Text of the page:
Robert Adam at Sir John Soane’s Museum
In 1833, Sir John Soane became the proud owner of the 8,000 strong collection of Robert Adam drawings and documents sold by Adams niece upon his death. A fragment of the collection is currently on display at the Sir John Soanes Museum and it offers a true insight into the variety of workings Adam achieved in his life time.
Robert Adam was the second son of William Adam, and established architect in Edinburgh, born in 1728 in Scotland. Robert worked in a Neo Classical style and is responsible for much of London’s architecture today.
Robert Adam joined his father’s architectural office in 1745 where he worked on the Hanoverian Highland Forts to earn enough money to set off on his own ‘Grand Tour’ through France and Italy from 1754-1758. During this time he was able to establish good connections with Gentry whilst perfect his own style of work. Upon his return to Great Britain Adam set up office in London and was later joined by his brother James in 1763. Adam was best known for delicate interiors and bold undulating architecture. He was influenced by classical design but did not follow Roman architectural rules. Robert Adam is renowned for the work he did at Osterley Park, Kedleston Hall and Syon House, as well as Lansdowne house, London, to name but a few.
Kedleston Hall was built for Sir Nathaniel Curzon in 1765 to rival the nearby Chatsworth House. The Hall was never intended as a family home, rather to act as a canvas on which to showcase the finest paintings, sculpture and furniture. The East wing of the house was built as a private living space and the Curzon family still reside here today. The 18th Century precession of rooms designed by Adam were adorned in the highest quality fabrics and furnishings, of which some have been faithfully reproduced during a 30 year programme of restoration.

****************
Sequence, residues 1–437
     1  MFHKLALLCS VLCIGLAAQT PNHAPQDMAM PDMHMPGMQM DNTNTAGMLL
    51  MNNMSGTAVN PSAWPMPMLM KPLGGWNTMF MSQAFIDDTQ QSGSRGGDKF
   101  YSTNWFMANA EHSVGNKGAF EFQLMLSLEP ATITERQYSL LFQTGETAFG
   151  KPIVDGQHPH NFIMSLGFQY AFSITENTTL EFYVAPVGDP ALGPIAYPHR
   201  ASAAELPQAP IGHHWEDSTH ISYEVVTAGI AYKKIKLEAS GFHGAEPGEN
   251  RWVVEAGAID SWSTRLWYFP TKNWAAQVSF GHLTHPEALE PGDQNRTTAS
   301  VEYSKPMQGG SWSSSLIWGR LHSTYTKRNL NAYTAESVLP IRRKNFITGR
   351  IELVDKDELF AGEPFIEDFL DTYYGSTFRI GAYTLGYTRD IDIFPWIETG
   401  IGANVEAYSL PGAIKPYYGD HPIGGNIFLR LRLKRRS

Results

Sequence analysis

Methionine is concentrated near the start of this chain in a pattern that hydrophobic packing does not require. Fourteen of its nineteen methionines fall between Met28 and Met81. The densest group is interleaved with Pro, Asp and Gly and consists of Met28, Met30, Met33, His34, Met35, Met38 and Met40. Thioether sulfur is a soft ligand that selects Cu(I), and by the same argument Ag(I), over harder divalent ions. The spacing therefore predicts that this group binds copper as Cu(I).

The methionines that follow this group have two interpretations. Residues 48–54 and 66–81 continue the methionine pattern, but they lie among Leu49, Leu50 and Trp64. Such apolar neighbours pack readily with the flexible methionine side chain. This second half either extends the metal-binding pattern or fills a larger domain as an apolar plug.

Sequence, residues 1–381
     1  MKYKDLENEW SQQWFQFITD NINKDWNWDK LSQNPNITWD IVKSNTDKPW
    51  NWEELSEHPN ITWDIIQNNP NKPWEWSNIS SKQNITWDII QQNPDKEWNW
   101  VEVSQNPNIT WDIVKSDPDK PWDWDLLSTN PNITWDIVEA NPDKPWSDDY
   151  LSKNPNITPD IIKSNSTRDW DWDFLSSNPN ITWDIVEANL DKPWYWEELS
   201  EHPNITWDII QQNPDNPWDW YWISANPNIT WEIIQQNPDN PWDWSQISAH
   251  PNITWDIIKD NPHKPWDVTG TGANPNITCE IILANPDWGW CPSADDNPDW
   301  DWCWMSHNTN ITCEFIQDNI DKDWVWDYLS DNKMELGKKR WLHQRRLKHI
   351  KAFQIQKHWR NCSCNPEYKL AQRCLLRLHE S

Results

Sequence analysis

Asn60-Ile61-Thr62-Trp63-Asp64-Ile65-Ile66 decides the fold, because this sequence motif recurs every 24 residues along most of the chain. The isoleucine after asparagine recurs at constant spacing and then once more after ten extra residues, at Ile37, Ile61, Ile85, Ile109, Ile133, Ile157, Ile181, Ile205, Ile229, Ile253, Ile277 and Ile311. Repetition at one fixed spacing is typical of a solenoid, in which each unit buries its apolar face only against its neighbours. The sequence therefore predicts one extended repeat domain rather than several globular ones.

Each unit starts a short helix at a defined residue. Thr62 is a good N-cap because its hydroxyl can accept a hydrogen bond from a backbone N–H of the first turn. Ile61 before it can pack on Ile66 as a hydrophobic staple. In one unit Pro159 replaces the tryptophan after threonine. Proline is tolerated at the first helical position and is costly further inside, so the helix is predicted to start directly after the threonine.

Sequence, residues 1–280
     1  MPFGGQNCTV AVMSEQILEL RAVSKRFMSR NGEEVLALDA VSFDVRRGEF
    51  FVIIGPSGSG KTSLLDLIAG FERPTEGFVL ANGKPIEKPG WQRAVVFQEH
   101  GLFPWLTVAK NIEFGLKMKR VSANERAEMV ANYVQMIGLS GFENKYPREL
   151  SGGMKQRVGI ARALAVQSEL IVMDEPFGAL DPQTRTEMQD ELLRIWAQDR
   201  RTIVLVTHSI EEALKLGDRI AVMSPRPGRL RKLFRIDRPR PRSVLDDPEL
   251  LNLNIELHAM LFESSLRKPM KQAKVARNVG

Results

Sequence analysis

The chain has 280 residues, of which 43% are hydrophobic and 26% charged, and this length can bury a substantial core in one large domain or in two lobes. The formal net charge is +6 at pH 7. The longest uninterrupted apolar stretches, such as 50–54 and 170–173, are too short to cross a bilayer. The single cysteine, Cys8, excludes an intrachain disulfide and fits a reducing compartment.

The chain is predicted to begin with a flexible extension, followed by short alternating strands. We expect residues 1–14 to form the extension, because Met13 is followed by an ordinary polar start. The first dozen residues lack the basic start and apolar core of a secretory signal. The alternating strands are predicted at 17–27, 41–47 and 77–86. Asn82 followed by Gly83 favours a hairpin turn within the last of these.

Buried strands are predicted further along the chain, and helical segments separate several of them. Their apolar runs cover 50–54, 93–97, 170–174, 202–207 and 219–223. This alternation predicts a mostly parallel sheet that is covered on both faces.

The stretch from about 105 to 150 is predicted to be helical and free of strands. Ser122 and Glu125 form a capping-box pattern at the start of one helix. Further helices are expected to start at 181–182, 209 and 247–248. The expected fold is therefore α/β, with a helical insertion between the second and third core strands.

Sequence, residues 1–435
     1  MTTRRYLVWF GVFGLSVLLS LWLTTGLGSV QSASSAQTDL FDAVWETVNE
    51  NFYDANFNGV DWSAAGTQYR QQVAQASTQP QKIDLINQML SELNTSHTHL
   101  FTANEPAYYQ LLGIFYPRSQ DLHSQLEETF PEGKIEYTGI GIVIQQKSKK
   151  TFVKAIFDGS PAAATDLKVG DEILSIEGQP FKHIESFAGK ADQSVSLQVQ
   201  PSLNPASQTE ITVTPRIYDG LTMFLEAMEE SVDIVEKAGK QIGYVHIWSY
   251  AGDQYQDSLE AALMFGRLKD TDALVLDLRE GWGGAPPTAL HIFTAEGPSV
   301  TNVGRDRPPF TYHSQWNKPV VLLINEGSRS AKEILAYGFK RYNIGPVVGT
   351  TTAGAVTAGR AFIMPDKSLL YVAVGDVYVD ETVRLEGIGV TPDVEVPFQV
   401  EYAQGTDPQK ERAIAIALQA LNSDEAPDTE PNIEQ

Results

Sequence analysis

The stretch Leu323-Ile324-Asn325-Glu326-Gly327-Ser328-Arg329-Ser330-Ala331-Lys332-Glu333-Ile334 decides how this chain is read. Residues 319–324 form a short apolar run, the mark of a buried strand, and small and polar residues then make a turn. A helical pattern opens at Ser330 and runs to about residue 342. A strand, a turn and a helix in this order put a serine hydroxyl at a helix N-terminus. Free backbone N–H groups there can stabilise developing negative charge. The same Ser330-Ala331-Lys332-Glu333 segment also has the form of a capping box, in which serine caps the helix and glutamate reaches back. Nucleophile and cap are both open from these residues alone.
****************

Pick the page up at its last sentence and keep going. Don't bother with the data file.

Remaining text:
Although Robert Adam is best known for the large aristocratic houses, he also had the ability to make urban living stylish. He worked for a large range of people; male and female, royal and gentry, aristocrats, merchants and public bodies. Within the 8,000 strong collection of Adam’s drawings, 1,700 of the drawings are of designs for residential London alone.
One of the most striking drawings on display at the exhibition was that of the ‘Dundas Sofa’. Made by Chippendale but designed by Adam for the Dundas family of Arlington Street in 1764. In 1947 the suite was sold by the Marques of Zetland, a Dundas descendant, and is now on display at the Museum of Fine Arts, Houston. The sofa has recently been reupholstered using pure silk crimson damask woven by Humphries Weaving. More can be read about this Adam/Chippendale collaboration here.
The display of Adam’s workings gives an insight into the impact the Scottish architect had on urban London. There are endless designs of infamous London terrace housing designed with both style and practicality to fit into the ever shrinking plots of land in the growing capital.